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Debra Gawrys, director of Connections Learning Center, and her daughter, Kristen, enjoy a moment at the center. In 2018, Kristen joined the family business that her mother started in 2004. Kristen teaches students who struggled like she once did. For more information about Connections Learning Center, call (773) 238-4526.

Since it opened 17 years ago, Connections Learning Center has been on the forefront of educating students, and it continues that tradition with its online tutoring.

Many local families have enlisted the help of the educators with in-person and online tutoring from Connections Learning Center.

Using the most up-to-date and successful teaching methods, Connections Learning Center, 2744 W. 111th St., is under the direction of Debra Gawrys, and her family business has enabled thousands of students from Mt. Greenwood to achieve academic success.

“We offer alternative educational therapies. We want to find the root cause or the reason that a perfectly bright student isn’t doing well,” Debra said. “Once the root cause is found, we can suggest the right program, or combination of programs, so the problem is fixed.”

Instead of traditional tutoring methods, Debra uses cognitive educational therapy, which is called “brain training.”

Cognitive brain training is all about neuroplasticity, a term referring to the fact that the brain can change. Experts now know that educators can increase a student’s cognitive abilities by creating new brain paths for efficient learning.

Three years ago, her daughter, Kristen, 34, joined the business that Debra started 17 years ago. Kristen is on the staff that teaches students to become better learners, so students can reach their true potential.

In joining the family business, Kristen and Connections Learning Center have come full circle because Kristen was a motivating factor in Debra’s business venture.

When Kristen was in elementary school, she struggled to read, bringing on issues of self-confidence. Debra was a classroom teacher at the time, and in trying to help Kristen overcome her difficulties in school, Debra sought new and innovative methods of teaching.

Not only did those teaching methods turn Kristen into an academic achiever, Debra went on to use them to help hundreds of others students who once lived what Kristen went through.

“In third grade, I was a total non-reader,” Kristen said. “I couldn’t even read the word ‘the.’

“My mother, who had her master’s in special education, was trying everything, and nothing worked until she learned about dyslexia and found the Wilson Reading Program.”

Now with a bachelor’s degree from Johnson & Wales University in Providence, R.I., Kristen, a graduate of Marian Catholic High School, loves to read, enjoying two to three books a month.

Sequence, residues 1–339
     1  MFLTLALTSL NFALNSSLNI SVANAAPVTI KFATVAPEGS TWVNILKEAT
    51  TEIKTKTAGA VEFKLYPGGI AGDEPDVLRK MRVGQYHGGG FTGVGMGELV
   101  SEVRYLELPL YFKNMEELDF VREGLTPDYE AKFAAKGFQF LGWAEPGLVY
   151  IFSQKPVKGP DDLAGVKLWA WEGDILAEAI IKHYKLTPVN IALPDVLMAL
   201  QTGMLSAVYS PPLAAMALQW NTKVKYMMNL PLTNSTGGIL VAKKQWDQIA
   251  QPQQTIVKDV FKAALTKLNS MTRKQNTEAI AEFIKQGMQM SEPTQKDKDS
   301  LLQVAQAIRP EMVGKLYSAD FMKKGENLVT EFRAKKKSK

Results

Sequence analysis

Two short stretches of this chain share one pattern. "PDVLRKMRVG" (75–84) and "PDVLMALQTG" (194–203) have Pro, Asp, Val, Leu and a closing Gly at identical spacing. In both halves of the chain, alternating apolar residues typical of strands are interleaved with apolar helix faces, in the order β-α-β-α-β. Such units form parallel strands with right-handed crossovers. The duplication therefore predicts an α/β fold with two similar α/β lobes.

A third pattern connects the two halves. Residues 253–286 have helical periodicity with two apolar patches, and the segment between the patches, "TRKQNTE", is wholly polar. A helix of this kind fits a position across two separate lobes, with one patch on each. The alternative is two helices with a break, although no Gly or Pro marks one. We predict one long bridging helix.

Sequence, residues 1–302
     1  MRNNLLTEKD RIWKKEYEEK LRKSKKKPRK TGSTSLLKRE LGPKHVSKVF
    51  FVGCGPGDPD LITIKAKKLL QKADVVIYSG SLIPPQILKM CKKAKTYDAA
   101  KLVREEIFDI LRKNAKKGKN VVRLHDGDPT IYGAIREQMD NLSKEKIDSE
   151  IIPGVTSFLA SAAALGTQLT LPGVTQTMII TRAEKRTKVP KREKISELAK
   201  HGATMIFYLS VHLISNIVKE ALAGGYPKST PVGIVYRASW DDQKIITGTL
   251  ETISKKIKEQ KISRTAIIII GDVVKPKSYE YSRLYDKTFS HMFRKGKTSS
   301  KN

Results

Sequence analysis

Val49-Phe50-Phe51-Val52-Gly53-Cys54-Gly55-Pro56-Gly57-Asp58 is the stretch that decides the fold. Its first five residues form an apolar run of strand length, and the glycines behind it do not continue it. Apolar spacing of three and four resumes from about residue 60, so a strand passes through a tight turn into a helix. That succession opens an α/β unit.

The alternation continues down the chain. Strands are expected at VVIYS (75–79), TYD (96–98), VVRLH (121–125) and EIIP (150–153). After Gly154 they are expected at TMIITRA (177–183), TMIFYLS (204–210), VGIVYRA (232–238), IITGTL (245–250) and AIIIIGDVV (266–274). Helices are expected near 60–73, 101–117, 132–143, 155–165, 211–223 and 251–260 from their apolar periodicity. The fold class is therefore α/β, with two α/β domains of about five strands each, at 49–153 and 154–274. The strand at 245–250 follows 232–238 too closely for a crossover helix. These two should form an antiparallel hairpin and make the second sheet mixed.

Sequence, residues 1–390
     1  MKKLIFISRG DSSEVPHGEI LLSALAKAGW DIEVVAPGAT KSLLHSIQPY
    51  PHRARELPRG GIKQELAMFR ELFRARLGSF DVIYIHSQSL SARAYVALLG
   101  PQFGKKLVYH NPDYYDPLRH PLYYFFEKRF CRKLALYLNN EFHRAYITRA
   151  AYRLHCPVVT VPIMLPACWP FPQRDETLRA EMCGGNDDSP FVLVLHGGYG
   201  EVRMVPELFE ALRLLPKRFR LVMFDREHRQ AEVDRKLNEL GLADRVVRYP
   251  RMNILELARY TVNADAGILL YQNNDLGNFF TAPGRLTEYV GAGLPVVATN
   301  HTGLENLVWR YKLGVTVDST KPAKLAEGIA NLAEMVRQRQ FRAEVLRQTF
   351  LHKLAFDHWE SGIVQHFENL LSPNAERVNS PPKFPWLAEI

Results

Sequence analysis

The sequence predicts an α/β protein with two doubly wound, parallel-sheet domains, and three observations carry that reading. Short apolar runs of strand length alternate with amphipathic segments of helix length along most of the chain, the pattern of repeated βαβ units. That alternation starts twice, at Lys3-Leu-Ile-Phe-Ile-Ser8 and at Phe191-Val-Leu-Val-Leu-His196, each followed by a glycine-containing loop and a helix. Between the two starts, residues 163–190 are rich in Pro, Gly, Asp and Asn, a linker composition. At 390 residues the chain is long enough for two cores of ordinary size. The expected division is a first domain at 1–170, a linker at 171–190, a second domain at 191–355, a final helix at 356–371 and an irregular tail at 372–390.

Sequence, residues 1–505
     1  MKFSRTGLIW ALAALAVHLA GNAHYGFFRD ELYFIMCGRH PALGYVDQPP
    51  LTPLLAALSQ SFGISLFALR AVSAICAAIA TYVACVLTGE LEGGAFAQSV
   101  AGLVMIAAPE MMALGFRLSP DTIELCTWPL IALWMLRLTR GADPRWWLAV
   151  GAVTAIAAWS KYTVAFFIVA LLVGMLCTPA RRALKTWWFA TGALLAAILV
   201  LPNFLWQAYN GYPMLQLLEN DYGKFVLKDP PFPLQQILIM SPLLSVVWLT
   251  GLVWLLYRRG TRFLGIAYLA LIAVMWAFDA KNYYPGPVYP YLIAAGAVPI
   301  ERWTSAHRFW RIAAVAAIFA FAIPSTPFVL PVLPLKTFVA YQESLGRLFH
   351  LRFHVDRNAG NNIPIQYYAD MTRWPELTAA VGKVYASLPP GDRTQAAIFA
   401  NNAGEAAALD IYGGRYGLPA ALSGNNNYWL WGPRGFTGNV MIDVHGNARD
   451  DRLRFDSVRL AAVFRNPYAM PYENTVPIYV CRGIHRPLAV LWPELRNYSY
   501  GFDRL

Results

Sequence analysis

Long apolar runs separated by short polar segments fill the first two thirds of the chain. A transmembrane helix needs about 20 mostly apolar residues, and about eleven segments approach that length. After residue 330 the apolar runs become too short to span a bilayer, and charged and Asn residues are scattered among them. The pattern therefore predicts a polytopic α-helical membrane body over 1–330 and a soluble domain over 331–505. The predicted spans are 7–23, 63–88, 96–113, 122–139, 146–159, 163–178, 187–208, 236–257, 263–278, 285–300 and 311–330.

Kristin said dyslexia wasn’t a term used much during her days in elementary school; students were labeled “learning disabled,” offering little information about the disability.

“I just thought I was stupid before finding out I was dyslexic,” Kristen said. “Once my mother started using the Wilson Reading Program to teach me, I started learning to read right away.”

Dealing with a learning disability often requires students to spend additional time completing assignments, and it creates other issues.

“I remember how it felt to be teased by other kids when I struggled,” Kristen said. “It was hurtful, was embarrassing, and I struggled not to believe they were right about me.”

In her earlier school years, Kristen had an Individualized Education Program (IEP), which is provided for students who need additional resources in their studies. Her desire to succeed often led to confusion about the reasons for her situation.

“It was always important to me to prove that I am ‘smart’ and I can succeed in the classroom,” said Kristen. “I can still remember how confused and tired my brain felt everyday, but I just kept pushing because I wanted to be smart.

Kristen came to understand that not all students learn in a way prescribed by their school district or by traditional tutors.

“I wish that I had some of the programs back then that we now use at Connections such as online tutoring,” she said. “Had I been able to go through our cognitive brain training, I wouldn’t have had to work so hard in school.”

Many of the students of Connections Learning Center, Kristen said, start out with feelings similar to those she experienced as a struggling student. She develops a connection with her students because she has been there.

“I share my story with each of them and that I understand how they feel. Most start to trust and begin to try after that.”

Improvements, she said, soon follow.

“Once they see small successes, their confidence begins to build, and then they start to learn faster.”

As she continues her career, Kristen is considering various areas of study for her master’s degree and eventually wants to earn a doctorate. Obviously, this young educator is motivated by her mother’s resume.

Debra, a Beverly resident, has a bachelor’s degree in education and a master’s degree in learning disabilities from St. Xavier University. She taught in elementary school and was also a learning disabilities resource teacher. She also served on the board for the Illinois chapter of the International Dyslexia Association. She is also the president of the Beverly Hills Morgan Park Business Association.

Connections Learning Center also provides test preparation for the ACT/SAT, private school and selective enrollment, college placement exams, the GRE and the GED.

For more information about Connections Learning Center or a free consultation, call (773) 238-4526 or visit